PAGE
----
This is my favorite novel.  Now it may seem odd or even cliché that I would pick a modern novel about a boy wizard as my all-time favorite book but there is a reason I love this book and the series so much.  Besides the wondrous and detailed universe Rowling creates in this series, the first book will always be my favorite.  I read this book in sixth grade during the same time my father passed away.  Every time I read it I was instantly transported to the wizarding world of Hogwarts.  I read this book during the most difficult time of my life and it helped me more than anyone could.  Besides my personal attachment to the novel and series, Rowling really does a fantastic job in creating this beautiful, adjacent world.

What do you think of my list?

Anything you want to add?


Twitter: @adrakontaidis & @talkrealdebate

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About adrakontaidis

A conservative who doesn't pander to the GOP.

18 responses to “Top 10 Favorite Books”

  1. JF Owen says :

    An eclectic list, but I’m surprised that there’s no Dickens. Actually I’m impressed that your list isn’t all current best sellers. That’s a good thing.

    • realtalkrealdebate says :

      Thanks! I was worried people would think it wasn’t eclectic enough. I really like Great Expectations but I like these books a bit more. I also just thought about Night.

      I’ve always gravitated towards reading the classics. I haven’t read many of them and I’m sure years from now my list will change. These books however each have left an impression in me. I’ve never forgotten them.

    • realtalkrealdebate says :

      Thought I’d let you know I revised my list because I made an epic and dumb mistake. Instead of The Sound and the Fury I was really referring to As I Lay Dying. Not sure if I’m getting severely early onset Alzheimer’s or what. I’m sorry for the revision.

  2. naduni7 says :

    I lovelovelove Of Mice and Men as well as Harry Potter! I cried at the end of Of Mice and Men. 😦 Harry Potter completely defined my preteen and teenage years. I enjoy Faulkner as well, though my favorite is As I Lay Dying because it brings back some good memories. For myself, I would also add One Flew Over The Cuckoo’s Nest. I bawled in public like a lunatic when I finished it.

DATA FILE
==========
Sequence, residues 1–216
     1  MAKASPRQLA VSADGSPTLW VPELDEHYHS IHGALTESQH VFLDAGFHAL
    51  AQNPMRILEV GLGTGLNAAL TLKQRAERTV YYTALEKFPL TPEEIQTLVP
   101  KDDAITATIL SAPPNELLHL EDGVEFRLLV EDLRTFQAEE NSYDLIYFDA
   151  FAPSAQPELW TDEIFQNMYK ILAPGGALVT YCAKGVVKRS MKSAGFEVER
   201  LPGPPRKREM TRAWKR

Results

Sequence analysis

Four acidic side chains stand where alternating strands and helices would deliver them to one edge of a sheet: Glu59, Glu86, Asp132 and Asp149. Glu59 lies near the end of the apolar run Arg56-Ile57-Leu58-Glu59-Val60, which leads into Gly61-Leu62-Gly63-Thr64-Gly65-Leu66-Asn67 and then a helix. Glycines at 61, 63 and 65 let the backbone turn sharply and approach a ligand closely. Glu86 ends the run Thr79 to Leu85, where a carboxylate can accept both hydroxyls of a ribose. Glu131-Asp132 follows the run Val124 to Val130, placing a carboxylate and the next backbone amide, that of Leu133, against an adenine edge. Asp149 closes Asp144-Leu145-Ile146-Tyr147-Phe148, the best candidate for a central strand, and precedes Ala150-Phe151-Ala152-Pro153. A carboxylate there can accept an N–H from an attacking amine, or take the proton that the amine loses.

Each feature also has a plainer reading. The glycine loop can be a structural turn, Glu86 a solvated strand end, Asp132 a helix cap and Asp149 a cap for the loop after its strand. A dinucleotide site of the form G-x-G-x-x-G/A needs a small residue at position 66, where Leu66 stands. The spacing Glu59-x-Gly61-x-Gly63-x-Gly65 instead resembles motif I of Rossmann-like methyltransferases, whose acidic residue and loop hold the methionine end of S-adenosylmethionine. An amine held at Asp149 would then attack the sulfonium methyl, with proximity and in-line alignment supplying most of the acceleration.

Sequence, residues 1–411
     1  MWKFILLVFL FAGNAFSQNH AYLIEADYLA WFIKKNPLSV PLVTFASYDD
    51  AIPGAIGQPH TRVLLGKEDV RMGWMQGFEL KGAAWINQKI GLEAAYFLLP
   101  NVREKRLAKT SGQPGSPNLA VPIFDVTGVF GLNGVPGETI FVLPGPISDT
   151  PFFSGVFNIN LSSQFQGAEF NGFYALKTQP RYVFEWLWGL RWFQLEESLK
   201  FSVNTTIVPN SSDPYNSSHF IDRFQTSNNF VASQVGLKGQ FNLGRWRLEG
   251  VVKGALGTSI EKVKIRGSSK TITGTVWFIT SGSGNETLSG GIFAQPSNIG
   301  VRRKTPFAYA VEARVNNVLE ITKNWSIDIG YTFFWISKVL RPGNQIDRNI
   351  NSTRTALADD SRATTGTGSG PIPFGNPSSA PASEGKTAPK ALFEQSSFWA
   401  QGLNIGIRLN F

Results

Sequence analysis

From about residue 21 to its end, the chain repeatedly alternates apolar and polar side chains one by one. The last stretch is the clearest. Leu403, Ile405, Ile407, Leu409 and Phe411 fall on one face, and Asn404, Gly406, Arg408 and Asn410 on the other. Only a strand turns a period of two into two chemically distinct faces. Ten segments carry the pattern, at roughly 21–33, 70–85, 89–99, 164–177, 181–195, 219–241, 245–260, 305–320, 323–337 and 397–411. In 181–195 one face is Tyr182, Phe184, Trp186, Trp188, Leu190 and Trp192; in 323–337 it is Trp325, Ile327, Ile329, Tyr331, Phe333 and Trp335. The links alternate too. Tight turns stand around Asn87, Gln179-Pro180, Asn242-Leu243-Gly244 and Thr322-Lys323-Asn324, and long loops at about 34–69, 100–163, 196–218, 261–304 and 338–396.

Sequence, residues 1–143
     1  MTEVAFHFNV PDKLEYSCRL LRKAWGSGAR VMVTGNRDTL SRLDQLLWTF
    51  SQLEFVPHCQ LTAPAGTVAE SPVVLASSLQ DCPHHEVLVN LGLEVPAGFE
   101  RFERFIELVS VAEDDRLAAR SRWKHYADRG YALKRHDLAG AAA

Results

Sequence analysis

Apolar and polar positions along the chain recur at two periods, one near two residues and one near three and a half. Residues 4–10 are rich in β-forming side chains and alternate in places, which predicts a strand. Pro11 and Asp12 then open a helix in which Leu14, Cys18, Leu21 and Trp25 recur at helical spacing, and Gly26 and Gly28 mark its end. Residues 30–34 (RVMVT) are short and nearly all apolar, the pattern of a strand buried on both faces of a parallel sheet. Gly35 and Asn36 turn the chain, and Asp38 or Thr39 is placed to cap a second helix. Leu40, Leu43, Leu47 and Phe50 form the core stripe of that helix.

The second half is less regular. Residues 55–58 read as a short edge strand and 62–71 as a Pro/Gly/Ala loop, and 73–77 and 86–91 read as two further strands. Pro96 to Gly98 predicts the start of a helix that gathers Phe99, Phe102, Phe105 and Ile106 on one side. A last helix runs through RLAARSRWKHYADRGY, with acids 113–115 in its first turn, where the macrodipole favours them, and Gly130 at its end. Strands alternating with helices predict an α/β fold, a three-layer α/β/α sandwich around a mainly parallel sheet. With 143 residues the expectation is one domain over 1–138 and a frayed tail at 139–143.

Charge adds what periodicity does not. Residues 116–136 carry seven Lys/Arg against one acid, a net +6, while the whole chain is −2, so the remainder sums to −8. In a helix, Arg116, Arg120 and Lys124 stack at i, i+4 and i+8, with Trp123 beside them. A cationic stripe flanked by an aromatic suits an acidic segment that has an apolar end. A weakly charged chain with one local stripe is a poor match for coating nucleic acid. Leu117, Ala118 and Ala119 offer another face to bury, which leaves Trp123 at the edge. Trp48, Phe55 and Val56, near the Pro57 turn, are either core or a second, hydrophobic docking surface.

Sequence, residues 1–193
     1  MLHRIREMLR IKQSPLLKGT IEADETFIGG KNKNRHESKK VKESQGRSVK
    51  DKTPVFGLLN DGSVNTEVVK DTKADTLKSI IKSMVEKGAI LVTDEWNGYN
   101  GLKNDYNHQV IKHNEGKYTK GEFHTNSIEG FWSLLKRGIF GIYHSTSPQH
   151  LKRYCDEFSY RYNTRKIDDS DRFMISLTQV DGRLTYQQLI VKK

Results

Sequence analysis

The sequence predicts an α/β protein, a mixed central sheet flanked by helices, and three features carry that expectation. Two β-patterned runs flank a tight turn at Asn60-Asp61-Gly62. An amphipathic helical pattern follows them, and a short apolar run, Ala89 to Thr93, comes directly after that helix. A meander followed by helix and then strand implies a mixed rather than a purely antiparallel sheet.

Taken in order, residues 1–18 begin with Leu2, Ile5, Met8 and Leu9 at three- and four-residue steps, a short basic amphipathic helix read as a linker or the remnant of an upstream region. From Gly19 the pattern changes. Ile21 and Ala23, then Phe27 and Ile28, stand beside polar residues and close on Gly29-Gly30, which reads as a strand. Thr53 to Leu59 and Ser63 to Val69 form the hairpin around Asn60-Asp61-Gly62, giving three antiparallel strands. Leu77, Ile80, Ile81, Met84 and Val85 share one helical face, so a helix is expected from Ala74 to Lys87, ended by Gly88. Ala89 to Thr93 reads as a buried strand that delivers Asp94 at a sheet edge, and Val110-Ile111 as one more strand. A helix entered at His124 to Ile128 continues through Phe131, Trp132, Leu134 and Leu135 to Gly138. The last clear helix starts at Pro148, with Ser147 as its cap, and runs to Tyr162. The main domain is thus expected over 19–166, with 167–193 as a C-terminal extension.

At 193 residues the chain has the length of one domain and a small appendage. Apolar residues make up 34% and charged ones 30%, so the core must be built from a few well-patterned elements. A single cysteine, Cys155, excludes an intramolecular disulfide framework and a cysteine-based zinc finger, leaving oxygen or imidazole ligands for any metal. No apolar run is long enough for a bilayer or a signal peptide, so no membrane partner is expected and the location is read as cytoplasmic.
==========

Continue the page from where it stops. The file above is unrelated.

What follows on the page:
• naduni7 says :

      Also The Great Gatsby! I hated reading it for AP English in the beginning, but by the end I loved that damn book. As I’ve gotten older, I continue to appreciate it more and more.

    • realtalkrealdebate says :

      OMG I left As I Lay Dying off my list!!! I liked it a lot more!! Oh I’m so mad right now. It’s too late to alter it now. 😦

      • naduni7 says :

        Yay somebody else likes As I Lay Dying! When I mention it to people, I normally get blank looks. It’s totally under appreciated. As I Lay Dying was my first real introduction to multiple narrators and unreliable narrators. I remember reading it and thinking “wow that’s messed up” as I went along trying to piece everything together.

      • realtalkrealdebate says :

        THANK YOU so much for mentioning it. I HAVE NO IDEA what I was thinking. I wrote my synopsis based on As I Lay Dying but when I looked up a photo I typed in William Faulkner and Sound and the Fury popped. For whatever dumb reason I mistakenly inserted that photo. It’s my fault for not proofreading it once more.

        As I Lay Dying is my second favorite book. I read it in high school and thought like you it was messed up but I kept reading. I think it is brilliant and I have read it several times throughout the years.

      • naduni7 says :

        Happy to be of service! You’ve inspired me to read it again. 😀

    • realtalkrealdebate says :

      As I was referring to As I Lay Dying in my post but I for whatever reason completely messed up and put Sound and Fury. Ok I need to fix this list.

  3. mariampera says :

    I hate, hate, hate, Catcher in the Rye, and mostly because I loathe Holden Caulfield, and I completely blame Mrs. Thompson for that.

  4. mariampera says :

    The rest of this list is acceptable. Props for all the classics. Any chance you’ll ever read something written by a woman? 😛 Also, I notice a theme of spoiled rich people who are for some reason miserable.

    • realtalkrealdebate says :

      Whenever I’d go to the bookstore I always go to the classics section. That’s probably why the authors are male. Any suggestions?

      I never really thought of my theme lol

      What’s your top 10? I’m very curious to know.

  5. mummyflyingsolo says :

    Atlas Shrugged by Ayn Rand is my all time fav. I liked a lot of your choices and am well impressed with Anna K – I’ve heard it’s either a love it or hate it one!